Contactless technology at the point of sale could prove to be the tipping point for mobile payments in the UK, writes Michael Dempsey. But concerns around security refuse to go away
An oval containing expanding radio waves meeting an after dinner mint-shaped card clutched in a human hand may indicate the future of retail payments. This is the symbol of the contactless payment facility which Barclaycard, among others, is promoting as a rapid way to deduct small payments from credit and debit cards and mobile phones.
Richard Armstrong, UK head of payments acceptance at Barclaycard, thinks the future of this system is assured. “Consumers prefer cards to cash and they don’t want to carry change around,” he says. The blue oval representing contactless payment is already becoming familiar to consumers, according to Barclaycard’s own research. This suggests that the proportion of the public who recognise the contactless logo rose from 28 per cent to 44 per cent between 2010 and 2011.
The vision of a cashless future with shoppers sailing through newsagents and fast-food outlets, unencumbered by the need to tinker with coins and banknotes, appeals to many retail giants. McDonald’s launched contactless payments in May this year, rolling out 8,000 payment readers across all 1,200 of its UK restaurants.
The burger giant claims that every one of these sites has seen at least one contactless transaction, and says half of all UK contactless payments take place under its roof. But McDonald’s is reluctant to dish out further figures, underlining the question that has dogged the contactless payments world for several years. Is there really a huge public appetite for dispensing with cash in favour of flashing a wallet or mobile phone at a contactless reader?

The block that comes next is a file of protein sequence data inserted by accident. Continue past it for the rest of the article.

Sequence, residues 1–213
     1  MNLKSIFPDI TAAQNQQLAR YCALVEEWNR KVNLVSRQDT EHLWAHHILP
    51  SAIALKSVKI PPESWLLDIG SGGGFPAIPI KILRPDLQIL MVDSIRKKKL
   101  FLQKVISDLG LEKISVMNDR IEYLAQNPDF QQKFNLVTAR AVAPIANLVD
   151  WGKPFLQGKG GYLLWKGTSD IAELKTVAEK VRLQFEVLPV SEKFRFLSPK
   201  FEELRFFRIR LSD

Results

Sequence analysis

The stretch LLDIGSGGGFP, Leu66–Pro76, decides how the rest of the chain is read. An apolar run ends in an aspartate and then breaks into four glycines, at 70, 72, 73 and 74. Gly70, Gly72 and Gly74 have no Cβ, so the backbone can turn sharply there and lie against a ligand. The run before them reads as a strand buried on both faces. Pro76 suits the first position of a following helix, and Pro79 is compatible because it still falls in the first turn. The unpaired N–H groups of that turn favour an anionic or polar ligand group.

The technology itself is tried, tested and ubiquitous. The same radio frequency identification (RFID) technology that allows pallets of goods to be tracked via tags through factories, warehouses and into shops works for contactless payments. Near-field communication (NFC) is the key acronym. NFC works at very short range (a few inches) and hence is claimed to be less vulnerable to interception. Nevertheless, security concerns are never far away when NFC is mentioned.
The misconception that NFC is insecure will encourage the contactless payments world to maintain a strong emphasis on security
The fear factor around NFC is that criminals may avail themselves of card readers and sweep cash from their victims as they pass by in any crowded location. The practical limitations of carrying bulky card-skimming equipment suggest this threat may be overstated. But John France, head of European payments at digital payments business eWise, notes that, however secure cashless chips are, they will never truly resemble cash. “The card still has to provide your personal details to the merchant via the NFC signal,” he says. “So it’s not really like cash at all.”
Mr France ticks off the interested parties in the contactless game. “The telecoms companies want to increase the number of transactions crossing their airwaves and the banks want to move more transactions to the credit or debit card model. But in order for contactless to succeed it has to be better for everyone, not just the banks and the telcos.”
Security specialists have given NFC a lot of attention and at Foregenix, a digital forensics and incident response company, the view is that existing cryptographic features within NFC should be sufficient. “I’ve been in the security field for 15 years,” says director Andrew Henwood, “and I’m actually pleased about the misconception that NFC is insecure. It will encourage the contactless payments world to maintain a strong emphasis on security.”